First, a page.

Waterways are key to maintaining connectivity for many species. This is especially true in urban areas, where they may represent the only remaining continuous green space. While they often connect native species that might otherwise disappear, they can just as easily act as highways for invasive species that take advantage of the inherent disturbance in waterways and higher nutrient levels from pollution.
In order to manage invasive plants in an urban environment, it’s important to understand how they’re using the limited amount of waterways that are left. While there have been a lot of studies on how animals move along urban stream corridors, and how plants move along stream corridors in general, less is known about how individual plant species and plant assemblages move along urban streams.
A new study looks at connectivity in urban riparian networks and their surrounding landscape, and asks whether native and non-native species use these networks in the same way. It focuses on three sections of the Rahway River in northeastern New Jersey, a watershed that was one of the first urbanized areas in the United States and currently carries toxic substances and discharge from wastewater treatment plants. Packs of leaf litter were collected and vegetation surveys were conducted along the river banks and then analyzed for composition.
The good news is that riparian systems are effective corridors for plants in urban areas. The Rahway River was effective in dispersing seeds for numerous species, both native and non-native. However, spatial and temporal connectivity was different between native species and non-native invasives. Propogules from non-native species were more common overall, especially earlier in the spring, meaning that they are likely dominating native species by preemption.
The most common species in both litter and riverbank vegetation were non-native, invasive species: Artemisia vulgaris, Microstegium vimineum, and Polygonum cuspidatum. Non-native species comprised around half of both the riverbank vegetation and the litter vegetation.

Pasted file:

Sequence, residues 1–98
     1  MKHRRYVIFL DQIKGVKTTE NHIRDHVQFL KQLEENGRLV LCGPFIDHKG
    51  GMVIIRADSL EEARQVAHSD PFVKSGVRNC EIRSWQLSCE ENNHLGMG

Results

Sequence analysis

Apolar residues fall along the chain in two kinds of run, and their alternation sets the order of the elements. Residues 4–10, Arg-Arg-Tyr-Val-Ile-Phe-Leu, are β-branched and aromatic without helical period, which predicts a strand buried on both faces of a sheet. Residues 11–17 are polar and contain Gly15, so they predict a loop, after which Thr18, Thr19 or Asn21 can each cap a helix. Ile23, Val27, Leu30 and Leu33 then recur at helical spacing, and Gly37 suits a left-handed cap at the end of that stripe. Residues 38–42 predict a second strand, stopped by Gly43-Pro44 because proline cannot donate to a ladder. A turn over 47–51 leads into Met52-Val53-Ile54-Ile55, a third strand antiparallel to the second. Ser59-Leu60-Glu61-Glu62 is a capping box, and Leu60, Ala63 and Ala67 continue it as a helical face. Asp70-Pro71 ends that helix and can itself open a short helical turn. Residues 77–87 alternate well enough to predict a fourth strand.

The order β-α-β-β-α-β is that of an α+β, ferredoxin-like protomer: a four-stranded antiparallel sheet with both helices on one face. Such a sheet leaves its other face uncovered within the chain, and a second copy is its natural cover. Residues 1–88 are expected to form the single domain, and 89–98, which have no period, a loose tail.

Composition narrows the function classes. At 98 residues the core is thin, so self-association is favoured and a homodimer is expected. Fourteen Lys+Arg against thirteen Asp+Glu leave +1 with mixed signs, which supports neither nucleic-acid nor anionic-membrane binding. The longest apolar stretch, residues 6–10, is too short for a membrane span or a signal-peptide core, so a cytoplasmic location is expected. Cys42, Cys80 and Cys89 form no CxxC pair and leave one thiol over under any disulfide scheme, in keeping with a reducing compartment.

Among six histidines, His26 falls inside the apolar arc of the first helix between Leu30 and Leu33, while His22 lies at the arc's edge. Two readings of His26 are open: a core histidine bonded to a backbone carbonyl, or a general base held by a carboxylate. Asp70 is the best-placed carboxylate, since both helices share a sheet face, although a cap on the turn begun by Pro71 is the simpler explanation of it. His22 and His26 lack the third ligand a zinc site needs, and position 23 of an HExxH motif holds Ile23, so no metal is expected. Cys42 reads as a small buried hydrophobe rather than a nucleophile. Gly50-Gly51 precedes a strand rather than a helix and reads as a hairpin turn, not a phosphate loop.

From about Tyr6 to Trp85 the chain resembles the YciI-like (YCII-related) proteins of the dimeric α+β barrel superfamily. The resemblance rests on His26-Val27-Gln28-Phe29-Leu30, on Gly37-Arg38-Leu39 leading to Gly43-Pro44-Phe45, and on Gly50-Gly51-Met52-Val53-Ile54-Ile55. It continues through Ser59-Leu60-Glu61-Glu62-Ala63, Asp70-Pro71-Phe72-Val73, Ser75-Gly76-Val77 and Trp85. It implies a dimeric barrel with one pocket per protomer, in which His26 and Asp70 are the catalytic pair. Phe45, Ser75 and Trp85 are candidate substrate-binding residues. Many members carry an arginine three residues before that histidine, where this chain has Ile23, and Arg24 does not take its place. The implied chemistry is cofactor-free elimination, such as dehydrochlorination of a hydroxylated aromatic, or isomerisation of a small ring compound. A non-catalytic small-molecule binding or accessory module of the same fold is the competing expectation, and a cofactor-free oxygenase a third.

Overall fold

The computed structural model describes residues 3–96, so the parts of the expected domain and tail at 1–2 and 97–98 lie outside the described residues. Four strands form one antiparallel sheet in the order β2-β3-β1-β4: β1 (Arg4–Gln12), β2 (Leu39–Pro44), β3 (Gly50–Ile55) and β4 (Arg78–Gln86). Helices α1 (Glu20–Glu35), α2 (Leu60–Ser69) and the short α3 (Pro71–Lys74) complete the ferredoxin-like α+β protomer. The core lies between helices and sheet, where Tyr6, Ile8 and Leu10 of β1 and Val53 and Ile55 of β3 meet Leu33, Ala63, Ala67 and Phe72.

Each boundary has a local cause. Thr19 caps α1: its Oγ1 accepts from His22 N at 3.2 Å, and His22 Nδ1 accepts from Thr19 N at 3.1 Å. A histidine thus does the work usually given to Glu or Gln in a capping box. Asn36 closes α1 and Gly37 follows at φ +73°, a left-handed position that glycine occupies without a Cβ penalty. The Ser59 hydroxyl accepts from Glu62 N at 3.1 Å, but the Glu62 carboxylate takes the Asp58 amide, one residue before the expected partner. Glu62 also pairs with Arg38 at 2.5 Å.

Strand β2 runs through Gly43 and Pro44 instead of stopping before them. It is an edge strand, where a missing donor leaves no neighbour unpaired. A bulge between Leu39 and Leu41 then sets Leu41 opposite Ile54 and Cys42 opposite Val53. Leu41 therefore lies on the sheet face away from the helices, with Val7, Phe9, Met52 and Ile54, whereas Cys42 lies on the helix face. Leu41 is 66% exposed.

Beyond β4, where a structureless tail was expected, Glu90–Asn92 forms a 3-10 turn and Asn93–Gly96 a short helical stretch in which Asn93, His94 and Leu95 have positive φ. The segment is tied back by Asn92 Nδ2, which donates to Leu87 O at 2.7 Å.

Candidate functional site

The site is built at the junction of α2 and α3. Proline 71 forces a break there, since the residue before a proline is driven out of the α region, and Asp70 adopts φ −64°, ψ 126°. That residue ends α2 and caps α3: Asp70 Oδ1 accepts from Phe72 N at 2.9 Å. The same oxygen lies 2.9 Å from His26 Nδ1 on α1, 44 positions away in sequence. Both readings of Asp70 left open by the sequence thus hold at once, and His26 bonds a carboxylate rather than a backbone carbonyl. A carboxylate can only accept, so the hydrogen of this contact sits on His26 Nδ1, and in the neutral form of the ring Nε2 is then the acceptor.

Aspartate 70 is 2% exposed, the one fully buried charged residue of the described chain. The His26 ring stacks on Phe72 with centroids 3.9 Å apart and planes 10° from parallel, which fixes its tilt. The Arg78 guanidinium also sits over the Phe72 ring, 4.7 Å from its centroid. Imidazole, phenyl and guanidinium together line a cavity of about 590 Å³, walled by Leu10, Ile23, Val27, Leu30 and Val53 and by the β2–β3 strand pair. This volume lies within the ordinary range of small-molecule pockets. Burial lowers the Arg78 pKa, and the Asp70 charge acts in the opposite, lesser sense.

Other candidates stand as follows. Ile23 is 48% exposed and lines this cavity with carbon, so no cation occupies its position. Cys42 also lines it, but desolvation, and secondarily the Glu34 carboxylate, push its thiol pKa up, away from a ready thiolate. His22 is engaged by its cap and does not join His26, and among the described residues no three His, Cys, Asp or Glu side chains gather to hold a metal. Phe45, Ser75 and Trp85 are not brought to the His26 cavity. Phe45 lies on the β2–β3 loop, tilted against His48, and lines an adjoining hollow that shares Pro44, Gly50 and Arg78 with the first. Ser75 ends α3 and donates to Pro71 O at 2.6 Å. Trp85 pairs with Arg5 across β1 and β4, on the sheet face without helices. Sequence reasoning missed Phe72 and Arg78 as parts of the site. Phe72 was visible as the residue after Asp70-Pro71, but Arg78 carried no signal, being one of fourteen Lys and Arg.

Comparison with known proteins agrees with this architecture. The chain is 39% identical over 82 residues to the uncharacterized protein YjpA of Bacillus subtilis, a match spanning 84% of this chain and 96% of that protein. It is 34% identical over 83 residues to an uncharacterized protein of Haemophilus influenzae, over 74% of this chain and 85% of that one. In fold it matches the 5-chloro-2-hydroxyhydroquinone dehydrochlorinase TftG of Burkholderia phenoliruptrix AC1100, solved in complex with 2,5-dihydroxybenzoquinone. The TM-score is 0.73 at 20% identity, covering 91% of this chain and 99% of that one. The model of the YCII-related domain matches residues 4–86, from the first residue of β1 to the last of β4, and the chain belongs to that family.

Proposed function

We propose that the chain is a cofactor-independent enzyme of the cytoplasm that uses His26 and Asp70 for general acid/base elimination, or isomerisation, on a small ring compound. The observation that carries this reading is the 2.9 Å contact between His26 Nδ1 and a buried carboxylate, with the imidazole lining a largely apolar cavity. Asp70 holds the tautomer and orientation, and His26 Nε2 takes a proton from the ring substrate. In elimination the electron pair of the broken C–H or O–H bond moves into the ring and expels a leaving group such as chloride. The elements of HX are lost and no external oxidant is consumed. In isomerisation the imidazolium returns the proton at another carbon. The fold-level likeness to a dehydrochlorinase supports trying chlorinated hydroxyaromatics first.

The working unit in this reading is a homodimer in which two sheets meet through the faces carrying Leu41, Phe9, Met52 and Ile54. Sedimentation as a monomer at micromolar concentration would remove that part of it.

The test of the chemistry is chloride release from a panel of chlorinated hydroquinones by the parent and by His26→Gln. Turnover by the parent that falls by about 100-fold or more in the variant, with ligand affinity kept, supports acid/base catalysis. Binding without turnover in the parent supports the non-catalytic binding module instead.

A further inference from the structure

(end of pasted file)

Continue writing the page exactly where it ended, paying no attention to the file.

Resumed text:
The results suggest that managing for invasive plant species along urban waterways would be most effective at the watershed scale. Municipalities that lie downstream would benefit from coordinating with upstream municipalities to prevent further spread of invasives. Unfortunately, urban management is more often conducted at much more local scales, and usually focuses on recreation rather than conservation. Greater cooperation among all stakeholders across the watershed region could make a large difference.
With proper management, urban streams can limit the spread of non-native species, and act as more effective corridors for native ones. That makes green spaces in cities and other densely populated areas more useful for humans and plant species alike.
Aronson, M. F. J., M. V. Patel, K. M. O’Neill, and J. G. Ehrenfeld. 2017. Urban riparian systems function as corridors for both native and invasive plant species. Biological Invasions 19(12): 3645-3657.